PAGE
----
Emerson College Agriculture Course

Emerson moves from Clent to Forest Row, Sussex.

Emerson College was founded by Francis Edmunds in 1962 for young people of that time. He felt connected to, and had an understanding of what lived in the young people particularly in America, including the counterculture and the hippy generation. He saw these as a spiritual awakening, but one confused and hindered by the education, materialism and increasing technology of the age. But amongst all these young people there were some who had strong intentions to find a path to the spirit and so to bring healing forces to human society and the earth. It was for these that Francis Edmunds founded Emerson College. He offered them an education based on the image of the human being consisting of body, soul and spirit, inspired by the work of Rudolf Steiner.

Francis saw that these people needed a place where they could meet an active spiritual life in practice and where they could find the path to their work in the world. They would find their way into many areas of activity – particularly into education and biodynamic agriculture, but also into the arts, sciences, drama, medicine and social therapy.

It started with eleven students in buildings made available in Sunfield Homes in Clent, near Birmingham. In 1964 it moved to some old wooden buildings in the grounds of Michael Hall Rudolf Steiner School in Forest Row. Finally, in 1967, it moved into its own permanent home in Pixton, Forest Row. This then included Tablehurst Farm. At that time there were 50 students in the Foundation Year and 25 in the teacher training course,

Over the next twenty or so years, through many struggles and a few crises, the College grew steadily as more and more young people sought what it offered. Many new good people joined the work, both as teachers and staff. In addition to the original Foundation Year and the later Teacher Training courses other new courses started. These included Biodynamic Agriculture and Rural Development, Sculpture, Painting, Visual Arts, Speech and Drama, Eurythmy and the Social Development Centre. There were many other smaller courses offered as the need arose. Later, in 1994 the storytelling course was started. In 1984/85 the college reached a peak of 255 full-time students.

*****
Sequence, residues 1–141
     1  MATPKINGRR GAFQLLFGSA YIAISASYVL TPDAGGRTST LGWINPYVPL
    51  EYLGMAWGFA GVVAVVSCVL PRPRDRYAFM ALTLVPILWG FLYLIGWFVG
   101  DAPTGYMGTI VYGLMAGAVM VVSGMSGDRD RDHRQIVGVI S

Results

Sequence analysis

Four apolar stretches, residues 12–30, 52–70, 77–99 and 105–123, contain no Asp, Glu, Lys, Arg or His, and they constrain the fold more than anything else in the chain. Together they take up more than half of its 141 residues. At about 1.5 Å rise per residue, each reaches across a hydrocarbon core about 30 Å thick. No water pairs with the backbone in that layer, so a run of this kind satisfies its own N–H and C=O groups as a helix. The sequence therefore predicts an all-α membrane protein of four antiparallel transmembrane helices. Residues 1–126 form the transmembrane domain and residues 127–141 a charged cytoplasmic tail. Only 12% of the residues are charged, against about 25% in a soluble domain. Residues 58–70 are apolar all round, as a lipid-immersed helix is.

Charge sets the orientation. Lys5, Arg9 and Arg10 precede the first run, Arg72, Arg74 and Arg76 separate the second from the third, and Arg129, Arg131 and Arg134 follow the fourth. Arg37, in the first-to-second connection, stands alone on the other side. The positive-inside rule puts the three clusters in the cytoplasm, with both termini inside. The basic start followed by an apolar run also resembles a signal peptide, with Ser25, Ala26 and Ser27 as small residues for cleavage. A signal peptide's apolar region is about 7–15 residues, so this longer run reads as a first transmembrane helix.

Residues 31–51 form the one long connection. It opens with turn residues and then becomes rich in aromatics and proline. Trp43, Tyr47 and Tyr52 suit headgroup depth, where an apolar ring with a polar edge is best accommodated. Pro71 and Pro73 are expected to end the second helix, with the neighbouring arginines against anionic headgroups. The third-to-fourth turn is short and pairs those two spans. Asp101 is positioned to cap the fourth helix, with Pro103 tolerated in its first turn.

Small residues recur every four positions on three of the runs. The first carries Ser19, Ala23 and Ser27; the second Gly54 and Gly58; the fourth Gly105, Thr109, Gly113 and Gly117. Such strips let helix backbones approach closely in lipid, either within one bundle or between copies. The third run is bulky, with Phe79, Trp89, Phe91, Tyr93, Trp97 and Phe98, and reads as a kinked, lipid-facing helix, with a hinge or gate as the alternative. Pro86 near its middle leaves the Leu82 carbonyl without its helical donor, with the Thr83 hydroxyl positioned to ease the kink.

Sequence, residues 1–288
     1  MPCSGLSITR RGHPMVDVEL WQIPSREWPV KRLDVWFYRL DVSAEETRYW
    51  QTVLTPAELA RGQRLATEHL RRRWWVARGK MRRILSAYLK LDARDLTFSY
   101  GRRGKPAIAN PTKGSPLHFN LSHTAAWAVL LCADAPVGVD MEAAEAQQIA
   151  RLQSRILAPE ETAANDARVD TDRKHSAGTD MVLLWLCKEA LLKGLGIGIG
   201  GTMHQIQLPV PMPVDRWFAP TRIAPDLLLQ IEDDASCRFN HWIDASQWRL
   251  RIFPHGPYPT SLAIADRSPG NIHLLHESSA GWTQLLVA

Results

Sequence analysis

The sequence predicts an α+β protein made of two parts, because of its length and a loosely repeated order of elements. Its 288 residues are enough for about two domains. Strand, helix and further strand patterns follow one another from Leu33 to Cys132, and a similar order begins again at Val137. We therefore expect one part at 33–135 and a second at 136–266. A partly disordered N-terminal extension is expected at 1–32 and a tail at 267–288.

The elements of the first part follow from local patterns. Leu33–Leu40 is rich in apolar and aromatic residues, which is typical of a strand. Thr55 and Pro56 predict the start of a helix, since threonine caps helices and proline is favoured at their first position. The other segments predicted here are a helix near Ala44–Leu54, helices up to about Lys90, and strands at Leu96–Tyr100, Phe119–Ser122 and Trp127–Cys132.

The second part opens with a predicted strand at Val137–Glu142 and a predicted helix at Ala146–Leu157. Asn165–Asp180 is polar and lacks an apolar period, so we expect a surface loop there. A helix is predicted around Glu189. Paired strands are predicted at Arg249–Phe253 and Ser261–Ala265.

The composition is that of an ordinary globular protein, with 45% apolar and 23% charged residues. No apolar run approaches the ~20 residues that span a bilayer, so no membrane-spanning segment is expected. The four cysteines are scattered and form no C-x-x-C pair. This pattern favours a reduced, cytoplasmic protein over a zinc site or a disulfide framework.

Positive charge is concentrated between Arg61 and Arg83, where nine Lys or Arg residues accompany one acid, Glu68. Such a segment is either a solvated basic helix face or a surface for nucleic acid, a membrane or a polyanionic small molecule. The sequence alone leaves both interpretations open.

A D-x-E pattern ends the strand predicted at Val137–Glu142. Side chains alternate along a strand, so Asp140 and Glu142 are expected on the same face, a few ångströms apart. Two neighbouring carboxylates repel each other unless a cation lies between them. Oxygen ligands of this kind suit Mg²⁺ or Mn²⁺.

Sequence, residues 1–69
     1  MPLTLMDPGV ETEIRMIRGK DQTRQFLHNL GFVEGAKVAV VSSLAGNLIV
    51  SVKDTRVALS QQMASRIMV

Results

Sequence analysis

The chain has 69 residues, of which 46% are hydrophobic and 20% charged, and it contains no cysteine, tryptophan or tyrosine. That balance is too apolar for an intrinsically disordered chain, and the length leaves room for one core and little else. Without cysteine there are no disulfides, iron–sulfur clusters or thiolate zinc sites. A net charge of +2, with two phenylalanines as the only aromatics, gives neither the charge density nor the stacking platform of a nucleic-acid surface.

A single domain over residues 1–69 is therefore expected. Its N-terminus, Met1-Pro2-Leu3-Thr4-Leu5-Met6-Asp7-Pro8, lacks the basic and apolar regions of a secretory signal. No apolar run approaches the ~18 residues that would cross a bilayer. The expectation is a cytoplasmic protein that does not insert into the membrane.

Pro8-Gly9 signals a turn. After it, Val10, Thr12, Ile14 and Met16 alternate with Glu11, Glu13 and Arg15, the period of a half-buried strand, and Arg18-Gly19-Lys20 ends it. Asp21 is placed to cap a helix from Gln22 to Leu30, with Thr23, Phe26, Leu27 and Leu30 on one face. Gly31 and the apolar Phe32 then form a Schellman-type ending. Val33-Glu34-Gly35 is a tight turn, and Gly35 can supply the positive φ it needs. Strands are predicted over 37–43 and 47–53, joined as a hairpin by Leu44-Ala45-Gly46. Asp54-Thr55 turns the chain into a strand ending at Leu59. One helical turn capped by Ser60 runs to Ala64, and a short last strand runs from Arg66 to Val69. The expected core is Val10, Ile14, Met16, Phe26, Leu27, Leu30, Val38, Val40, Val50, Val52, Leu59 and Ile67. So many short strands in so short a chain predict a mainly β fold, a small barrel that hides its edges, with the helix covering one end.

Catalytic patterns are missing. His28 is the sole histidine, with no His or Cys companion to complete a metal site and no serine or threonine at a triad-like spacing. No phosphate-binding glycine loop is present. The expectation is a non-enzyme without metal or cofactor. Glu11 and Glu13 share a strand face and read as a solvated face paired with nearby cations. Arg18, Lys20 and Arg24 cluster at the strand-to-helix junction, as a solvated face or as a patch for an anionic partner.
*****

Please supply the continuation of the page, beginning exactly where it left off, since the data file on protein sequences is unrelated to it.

Emerson College was never an English or British college, but a world college in England. From the beginning students came from around the world, to begin with mainly from English speaking countries. But this soon spread to the rest of the world. Students from the college can now be found, many in positions of leadership, in schools, agriculture communities, businesses and other areas in many parts of the world.

Most students did not first and foremost come for a specific training, instead they joined the Foundation Year. They came to find out what life is all about, who they were and what their tasks could be. And by studying Anthroposophy through the many varied subjects on offer, through the different philosophical studies, the activity of the arts and the creativity of crafts. At the same time they would see and hear about the various professional trainings in the second year courses.

Roswitha Spence, who worked at the College over many years, describes her experience of the students:

It was a privilege to experience the changes and developments each student went through during the course of one to three years. The bright eyes full of anticipation on arrival became a more questioning, sometimes puzzled, even anxious look, then widened to wonderment and finally a radiant glow of “shining eyes”. The eyes we are told, are the windows of the soul, and as such they told the story that there was a recognition of self, a knowing confidence of how to go forward in life and a readiness to take on new tasks.

Much has changed in the world since the College was founded. People of all ages come to Emerson with different questions now. The College is adapting to meet the new needs, and innovating new forms. This has become an essential task of the new leadership of the college; to continue re-creating education for the whole human being in response to what is needed to help people meet the urgent tasks of our time.